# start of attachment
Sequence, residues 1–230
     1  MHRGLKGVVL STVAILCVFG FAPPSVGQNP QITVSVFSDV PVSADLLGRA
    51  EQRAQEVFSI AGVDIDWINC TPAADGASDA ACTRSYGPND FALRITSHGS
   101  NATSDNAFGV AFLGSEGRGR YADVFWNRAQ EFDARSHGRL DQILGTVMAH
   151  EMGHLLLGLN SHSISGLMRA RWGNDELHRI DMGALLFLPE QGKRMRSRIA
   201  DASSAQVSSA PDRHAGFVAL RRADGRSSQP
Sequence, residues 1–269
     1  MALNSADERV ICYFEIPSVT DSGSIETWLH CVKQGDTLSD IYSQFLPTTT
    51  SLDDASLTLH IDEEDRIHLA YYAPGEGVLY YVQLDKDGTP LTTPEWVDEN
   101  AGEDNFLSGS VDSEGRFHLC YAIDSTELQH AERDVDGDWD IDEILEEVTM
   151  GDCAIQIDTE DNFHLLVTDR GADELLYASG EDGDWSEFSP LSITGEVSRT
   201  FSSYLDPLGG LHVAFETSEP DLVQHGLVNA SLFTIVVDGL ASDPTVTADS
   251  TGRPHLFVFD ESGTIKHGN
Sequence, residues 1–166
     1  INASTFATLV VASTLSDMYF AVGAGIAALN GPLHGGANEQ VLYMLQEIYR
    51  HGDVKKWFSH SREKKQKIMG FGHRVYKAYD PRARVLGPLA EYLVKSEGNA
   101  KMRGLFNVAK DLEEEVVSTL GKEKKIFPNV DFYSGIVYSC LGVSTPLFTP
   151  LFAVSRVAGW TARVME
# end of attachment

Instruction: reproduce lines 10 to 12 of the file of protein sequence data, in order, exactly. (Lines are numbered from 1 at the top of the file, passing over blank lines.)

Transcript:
   101  AGEDNFLSGS VDSEGRFHLC YAIDSTELQH AERDVDGDWD IDEILEEVTM
   151  GDCAIQIDTE DNFHLLVTDR GADELLYASG EDGDWSEFSP LSITGEVSRT
   201  FSSYLDPLGG LHVAFETSEP DLVQHGLVNA SLFTIVVDGL ASDPTVTADS